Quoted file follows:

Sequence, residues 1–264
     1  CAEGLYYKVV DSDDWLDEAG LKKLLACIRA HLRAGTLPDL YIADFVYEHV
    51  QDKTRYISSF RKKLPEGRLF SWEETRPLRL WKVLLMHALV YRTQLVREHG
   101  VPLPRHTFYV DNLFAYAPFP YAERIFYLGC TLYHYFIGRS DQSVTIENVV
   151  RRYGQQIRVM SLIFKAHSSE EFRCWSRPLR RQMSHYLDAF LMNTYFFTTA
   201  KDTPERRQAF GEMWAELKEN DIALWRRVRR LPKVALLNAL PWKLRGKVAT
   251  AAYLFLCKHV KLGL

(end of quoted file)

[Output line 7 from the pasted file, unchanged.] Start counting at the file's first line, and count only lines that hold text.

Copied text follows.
   251  AAYLFLCKHV KLGL